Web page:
Friday, December 26, 2014
I remember hiding,
though my brother had better things to do,
until my sister just quit looking,
until the house grew still
and all I could hear was my heart.
The closet held the darkness,
it surrounded me like a cloak.
In a crowd of shoes I sat untrodden,
my finger tracing the blued length
of my father’s shotgun.
The closet played the movie of my history
on a hundred glossy photographs,
and when I placed the album back
on its high shelf I knew that I too
I remember how his closet
embraced me until the sound
of my name grew soft, and the moon
came out from behind a cloud.
Friday, December 19, 2014
How softly snow arrives in the night
to cover the darkness with light.
By morning the world is uniform white
and because it’s still snowing
the sun’s inevitable rising
will be anything but bright.
You see, I’ve got to get going
but visibility is poor.
I can barely open the door
with all of my might.
Oh snow, my lovely
and treacherous angel,
if nothing I say here will do,
I pray, please, at least close the school.
Friday, December 12, 2014
If you wait any longer
the moon will have slipped
like a shiny quarter
beneath the earth's velvet upholstery.
Try as you might to retrieve what’s lost,
there will only be popcorn husks, cookie crumbs,
a nest of shredded tissue, at least one paper clip,
a dried up ink pen and a tough little nugget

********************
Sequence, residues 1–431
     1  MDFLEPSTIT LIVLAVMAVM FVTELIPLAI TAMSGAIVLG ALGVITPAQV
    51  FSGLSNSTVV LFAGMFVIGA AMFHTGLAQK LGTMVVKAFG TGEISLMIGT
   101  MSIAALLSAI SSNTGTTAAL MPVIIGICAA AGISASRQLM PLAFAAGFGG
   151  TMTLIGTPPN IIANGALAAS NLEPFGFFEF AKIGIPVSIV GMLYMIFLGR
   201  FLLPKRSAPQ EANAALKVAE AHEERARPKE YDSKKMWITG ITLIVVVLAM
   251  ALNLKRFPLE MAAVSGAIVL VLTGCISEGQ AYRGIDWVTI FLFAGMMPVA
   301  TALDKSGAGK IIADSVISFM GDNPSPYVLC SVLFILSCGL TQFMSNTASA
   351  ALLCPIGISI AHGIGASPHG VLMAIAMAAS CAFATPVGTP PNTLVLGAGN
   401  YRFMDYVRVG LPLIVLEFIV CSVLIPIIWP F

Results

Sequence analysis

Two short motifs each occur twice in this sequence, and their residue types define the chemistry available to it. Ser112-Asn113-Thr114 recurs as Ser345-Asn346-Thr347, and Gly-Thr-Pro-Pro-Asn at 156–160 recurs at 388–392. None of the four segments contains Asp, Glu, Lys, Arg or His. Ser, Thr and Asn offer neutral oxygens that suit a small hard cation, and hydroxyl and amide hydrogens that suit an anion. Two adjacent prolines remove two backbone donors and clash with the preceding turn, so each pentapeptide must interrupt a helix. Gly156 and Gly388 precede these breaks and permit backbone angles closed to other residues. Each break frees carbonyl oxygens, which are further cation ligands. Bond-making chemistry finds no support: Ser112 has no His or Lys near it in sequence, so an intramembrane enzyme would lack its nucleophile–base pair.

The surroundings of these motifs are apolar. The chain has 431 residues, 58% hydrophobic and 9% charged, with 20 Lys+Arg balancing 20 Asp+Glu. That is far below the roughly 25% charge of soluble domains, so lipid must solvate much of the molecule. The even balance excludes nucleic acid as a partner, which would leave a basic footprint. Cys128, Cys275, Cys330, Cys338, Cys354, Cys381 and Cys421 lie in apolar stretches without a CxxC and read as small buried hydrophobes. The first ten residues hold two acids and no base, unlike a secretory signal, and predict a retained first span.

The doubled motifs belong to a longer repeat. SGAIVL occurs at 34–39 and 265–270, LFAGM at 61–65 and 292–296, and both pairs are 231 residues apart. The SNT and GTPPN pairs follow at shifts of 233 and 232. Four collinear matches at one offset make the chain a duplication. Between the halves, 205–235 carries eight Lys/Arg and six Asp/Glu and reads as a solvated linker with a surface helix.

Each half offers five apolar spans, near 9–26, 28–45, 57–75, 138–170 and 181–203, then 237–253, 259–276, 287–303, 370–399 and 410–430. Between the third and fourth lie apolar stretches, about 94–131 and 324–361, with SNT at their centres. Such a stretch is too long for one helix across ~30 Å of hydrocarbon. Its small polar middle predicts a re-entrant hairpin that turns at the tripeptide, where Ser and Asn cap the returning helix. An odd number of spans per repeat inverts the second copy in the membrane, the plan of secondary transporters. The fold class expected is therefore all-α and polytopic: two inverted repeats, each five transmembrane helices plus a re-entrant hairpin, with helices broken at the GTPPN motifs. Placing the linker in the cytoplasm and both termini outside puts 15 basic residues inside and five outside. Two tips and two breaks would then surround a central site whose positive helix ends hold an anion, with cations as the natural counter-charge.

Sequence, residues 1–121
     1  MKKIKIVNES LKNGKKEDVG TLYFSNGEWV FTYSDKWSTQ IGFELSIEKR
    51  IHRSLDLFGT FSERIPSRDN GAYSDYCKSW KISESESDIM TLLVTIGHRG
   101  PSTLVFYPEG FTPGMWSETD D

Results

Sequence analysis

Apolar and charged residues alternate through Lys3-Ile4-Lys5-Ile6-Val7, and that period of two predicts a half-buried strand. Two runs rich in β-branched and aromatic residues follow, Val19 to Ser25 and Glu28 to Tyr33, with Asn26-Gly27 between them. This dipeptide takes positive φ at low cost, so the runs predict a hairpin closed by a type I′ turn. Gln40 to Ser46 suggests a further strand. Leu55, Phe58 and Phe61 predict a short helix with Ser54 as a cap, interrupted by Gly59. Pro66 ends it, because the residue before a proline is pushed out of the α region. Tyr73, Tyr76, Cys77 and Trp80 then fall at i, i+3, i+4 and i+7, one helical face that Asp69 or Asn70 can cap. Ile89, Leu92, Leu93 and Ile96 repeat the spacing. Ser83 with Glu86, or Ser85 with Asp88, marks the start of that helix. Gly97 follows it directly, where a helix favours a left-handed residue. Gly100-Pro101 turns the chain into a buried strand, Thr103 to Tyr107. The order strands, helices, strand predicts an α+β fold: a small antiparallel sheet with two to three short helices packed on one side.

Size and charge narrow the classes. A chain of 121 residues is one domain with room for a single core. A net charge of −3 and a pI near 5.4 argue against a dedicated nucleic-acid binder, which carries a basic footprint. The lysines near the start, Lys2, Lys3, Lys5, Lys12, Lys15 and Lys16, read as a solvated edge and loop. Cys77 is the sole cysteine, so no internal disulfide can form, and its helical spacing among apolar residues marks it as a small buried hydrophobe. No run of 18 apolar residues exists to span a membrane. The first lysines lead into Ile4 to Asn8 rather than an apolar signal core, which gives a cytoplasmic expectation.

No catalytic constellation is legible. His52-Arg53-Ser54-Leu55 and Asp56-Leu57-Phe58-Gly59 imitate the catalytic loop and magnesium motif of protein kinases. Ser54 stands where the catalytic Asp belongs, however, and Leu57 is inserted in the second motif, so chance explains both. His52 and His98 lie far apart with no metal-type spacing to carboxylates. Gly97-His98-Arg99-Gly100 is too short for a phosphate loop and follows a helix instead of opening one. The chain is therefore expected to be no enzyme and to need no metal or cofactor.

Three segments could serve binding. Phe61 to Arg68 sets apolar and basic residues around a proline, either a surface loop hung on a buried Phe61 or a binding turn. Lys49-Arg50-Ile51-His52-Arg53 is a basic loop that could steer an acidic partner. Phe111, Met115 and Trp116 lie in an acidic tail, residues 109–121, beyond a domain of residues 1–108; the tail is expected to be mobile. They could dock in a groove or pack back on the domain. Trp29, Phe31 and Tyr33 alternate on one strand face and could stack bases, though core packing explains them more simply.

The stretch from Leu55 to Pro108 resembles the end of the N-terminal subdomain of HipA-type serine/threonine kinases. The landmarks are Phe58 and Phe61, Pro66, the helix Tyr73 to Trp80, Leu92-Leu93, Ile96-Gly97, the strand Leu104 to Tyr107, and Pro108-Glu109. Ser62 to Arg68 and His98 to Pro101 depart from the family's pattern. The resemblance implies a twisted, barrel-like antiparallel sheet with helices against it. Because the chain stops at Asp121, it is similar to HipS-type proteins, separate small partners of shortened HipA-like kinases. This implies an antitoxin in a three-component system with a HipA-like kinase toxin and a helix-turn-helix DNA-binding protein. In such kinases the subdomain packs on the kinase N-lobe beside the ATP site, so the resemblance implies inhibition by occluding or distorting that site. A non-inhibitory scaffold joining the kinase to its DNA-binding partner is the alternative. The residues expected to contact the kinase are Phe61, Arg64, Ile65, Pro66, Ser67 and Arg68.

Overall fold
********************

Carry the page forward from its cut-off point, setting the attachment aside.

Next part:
composed of either meteor fragments
or the desiccated remains of distaste.
The fullness of each moment
held tight, then tighter.
Friday, December 5, 2014
I’ll hold the pen like a microphone,
lean over the poem repeating test, test, test
until I can hear my own voice
bouncing back off the paper.
Later, after I’ve rambled
about weather, time, and the usual sponsors
I’ll turn to the day’s calendar
and write a line like, “This just in…”
so what often goes unnoticed
glitters with worthiness, as if my life
was breaking news.
I’ll imagine readers calling, asking
that I use a favorite word,
that I dedicate some portion of my time
to their loneliness, and really
what can I say, I’ll try to work it in,
if after an interview
and a few anecdotes
designed to keep the poem upbeat
and family-oriented, maybe
I’ll go to a prerecorded commercial,
lean back in my chair
and ponder for thirty seconds
what’s next before the dead air’s back
and all I can think to say is
“This one’s for you.”